.connect()
    .await?;
// creating gRPC client from channel
    let mut client = SayClient::new(channel);
// creating a new Request
    let request = tonic::Request::new(
        SayRequest {
           name:String::from("anshul")
        },
    );
// sending request and waiting for response
    let response = client.send(request).await?.into_inner();
    println!("RESPONSE={:?}", response);
    Ok(())
}

Output for cargo run–bin client

To test our small application, run cargo run --bin server and then cargo run --bin client.

Building a gRPC app using grpc

First, create a Rust project using cargo new grpc-demo-grpc. We need to add two binaries: server and client, just like in the tonic demo. We must also add the proto/hello.proto file and build.rs

Cargo.toml:

[package]
name = "grpc-demo-grpc"
version = "0.1.0"
authors = ["anshul <anshulgoel151999@gmail.com>"]
edition = "2018"

[[bin]]
name="server"
path="./src/server.rs"

[[bin]]
name="client"
path="./src/client.rs"


[dependencies]
protobuf        = "2"
httpbis         = { git = "https://github.com/stepancheg/rust-http2" }
grpc ="*"
grpc-protobuf="*"

[build-dependencies]
protoc-rust-grpc = "0.8.2"

build.rs:

protoc_rust_grpc requires protoc compiler in the PATH variables. It cab be downloaded from official website.

fn main() {
    // compile protocol buffer using protoc
    protoc_rust_grpc::Codegen::new()
    .out_dir("src")
    .input("./proto/hello.proto")
    .rust_protobuf(true)
    .run()
    .expect("error compiling protocol buffer");
}

Creating a server with grpc

The grpc crate’s APIs are very similar to tonic crate’s. Like tonic, grpc generates code for gRPC communication.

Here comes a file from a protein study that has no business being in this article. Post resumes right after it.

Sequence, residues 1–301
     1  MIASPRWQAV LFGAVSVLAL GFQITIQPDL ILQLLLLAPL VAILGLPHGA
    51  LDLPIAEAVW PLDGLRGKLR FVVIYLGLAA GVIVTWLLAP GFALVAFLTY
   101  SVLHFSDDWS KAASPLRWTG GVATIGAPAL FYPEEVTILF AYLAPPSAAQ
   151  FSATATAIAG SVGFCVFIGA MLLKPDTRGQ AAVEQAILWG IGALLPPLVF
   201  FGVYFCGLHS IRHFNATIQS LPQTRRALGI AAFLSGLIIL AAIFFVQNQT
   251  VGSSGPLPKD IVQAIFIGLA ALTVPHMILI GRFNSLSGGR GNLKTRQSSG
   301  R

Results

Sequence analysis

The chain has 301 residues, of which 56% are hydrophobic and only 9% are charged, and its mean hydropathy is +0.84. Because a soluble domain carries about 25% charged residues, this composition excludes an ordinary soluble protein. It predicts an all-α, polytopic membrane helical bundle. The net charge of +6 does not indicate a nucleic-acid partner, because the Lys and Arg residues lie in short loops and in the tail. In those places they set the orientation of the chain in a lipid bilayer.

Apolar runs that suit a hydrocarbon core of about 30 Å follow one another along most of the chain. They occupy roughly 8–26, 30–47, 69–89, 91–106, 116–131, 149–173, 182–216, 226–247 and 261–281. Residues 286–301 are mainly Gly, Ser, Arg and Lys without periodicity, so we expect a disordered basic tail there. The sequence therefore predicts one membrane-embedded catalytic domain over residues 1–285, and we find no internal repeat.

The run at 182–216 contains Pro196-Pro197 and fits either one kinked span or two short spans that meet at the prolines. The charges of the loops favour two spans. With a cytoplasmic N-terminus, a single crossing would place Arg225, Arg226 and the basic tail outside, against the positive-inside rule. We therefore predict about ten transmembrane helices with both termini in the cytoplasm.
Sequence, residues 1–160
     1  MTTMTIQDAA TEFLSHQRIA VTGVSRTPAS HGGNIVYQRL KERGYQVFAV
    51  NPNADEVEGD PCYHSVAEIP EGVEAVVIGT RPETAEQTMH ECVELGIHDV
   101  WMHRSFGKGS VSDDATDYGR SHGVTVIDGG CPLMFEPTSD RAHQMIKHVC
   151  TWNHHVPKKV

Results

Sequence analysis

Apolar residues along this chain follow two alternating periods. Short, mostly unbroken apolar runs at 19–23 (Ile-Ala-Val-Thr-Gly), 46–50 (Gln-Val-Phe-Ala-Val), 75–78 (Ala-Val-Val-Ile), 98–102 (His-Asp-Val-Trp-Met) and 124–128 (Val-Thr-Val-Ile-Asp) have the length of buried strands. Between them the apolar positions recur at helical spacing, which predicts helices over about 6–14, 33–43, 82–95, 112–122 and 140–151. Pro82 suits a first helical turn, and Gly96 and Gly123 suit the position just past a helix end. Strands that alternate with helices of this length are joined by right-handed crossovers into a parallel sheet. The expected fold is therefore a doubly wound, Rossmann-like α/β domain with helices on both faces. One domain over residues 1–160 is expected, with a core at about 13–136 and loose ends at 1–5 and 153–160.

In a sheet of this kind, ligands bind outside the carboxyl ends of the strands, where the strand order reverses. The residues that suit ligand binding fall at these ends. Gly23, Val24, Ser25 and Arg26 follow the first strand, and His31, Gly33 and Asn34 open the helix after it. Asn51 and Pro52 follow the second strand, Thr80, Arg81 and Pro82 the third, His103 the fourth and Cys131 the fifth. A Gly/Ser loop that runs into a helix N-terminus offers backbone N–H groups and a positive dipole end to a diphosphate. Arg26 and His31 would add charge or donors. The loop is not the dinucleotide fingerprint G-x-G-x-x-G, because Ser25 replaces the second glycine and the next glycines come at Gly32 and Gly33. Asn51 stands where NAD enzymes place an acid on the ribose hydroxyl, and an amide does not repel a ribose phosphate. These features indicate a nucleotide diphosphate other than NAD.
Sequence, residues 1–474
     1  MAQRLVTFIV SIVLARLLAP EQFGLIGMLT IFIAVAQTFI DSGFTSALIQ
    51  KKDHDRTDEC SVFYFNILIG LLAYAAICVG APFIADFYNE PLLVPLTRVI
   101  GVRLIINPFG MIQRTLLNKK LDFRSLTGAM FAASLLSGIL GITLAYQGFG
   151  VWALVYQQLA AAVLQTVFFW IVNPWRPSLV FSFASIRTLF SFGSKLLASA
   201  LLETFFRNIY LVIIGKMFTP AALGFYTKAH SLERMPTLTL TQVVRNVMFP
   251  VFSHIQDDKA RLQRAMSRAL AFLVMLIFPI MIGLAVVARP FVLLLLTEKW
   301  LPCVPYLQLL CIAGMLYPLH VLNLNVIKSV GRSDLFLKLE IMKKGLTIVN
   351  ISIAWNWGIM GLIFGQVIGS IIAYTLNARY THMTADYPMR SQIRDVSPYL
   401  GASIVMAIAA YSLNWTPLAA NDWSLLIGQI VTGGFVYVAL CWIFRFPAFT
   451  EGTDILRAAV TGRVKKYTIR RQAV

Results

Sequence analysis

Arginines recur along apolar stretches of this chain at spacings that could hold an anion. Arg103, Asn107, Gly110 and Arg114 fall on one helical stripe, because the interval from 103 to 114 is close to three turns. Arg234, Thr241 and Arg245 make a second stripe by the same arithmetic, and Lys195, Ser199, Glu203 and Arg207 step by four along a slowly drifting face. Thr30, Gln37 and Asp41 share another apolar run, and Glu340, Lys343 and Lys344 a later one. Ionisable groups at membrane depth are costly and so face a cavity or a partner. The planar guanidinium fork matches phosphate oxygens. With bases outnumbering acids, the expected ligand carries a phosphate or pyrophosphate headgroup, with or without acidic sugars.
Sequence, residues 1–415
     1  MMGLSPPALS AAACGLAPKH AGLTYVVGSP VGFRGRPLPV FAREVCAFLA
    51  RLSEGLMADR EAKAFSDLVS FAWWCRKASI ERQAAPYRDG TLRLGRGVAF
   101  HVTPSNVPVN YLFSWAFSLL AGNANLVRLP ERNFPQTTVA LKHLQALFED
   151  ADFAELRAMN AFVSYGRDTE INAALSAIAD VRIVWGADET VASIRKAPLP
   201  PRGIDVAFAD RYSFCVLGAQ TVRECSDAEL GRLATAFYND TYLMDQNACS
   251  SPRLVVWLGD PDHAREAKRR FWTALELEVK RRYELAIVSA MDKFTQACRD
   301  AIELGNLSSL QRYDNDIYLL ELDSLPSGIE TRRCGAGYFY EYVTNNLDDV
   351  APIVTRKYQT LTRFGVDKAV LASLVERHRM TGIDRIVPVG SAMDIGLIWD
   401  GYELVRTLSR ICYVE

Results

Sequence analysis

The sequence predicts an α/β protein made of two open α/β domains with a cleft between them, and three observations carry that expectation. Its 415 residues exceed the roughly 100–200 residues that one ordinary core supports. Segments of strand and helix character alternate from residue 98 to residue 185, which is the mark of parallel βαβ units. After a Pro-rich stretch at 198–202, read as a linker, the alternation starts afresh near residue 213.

For creating service, the Say trait is implemented on a struct. The implemented struct is passed to the add_server method on the ServerBuilder struct provided by the grpc crate.

use grpc::{ServerHandlerContext,ServerRequestSingle,ServerResponseUnarySink};
// importing generated gRPC code
use hello_grpc::*;
// importing types for messages
use hello::*;
mod hello;
mod hello_grpc;
struct MySay;
impl Say for MySay {
    // rpc for service
    fn send(
        &self,
        _: ServerHandlerContext,
        req: ServerRequestSingle<SayRequest>,
        resp: ServerResponseUnarySink<SayResponse>,
    ) -> grpc::Result<()> {
        // create Response
        let mut r = SayResponse::new();
        let name = if req.message.get_name().is_empty() {
            "world"
        } else {
            req.message.get_name()
        };
        // sent the response
        println!("greeting request from {}", name);
        r.set_message(format!("Hello {}", name));
        resp.finish(r)
    }
}


fn main() {

    let port =50051;
    // creating server
    let mut server = grpc::ServerBuilder::new_plain();
    // adding port to server for http
    server.http.set_port(port);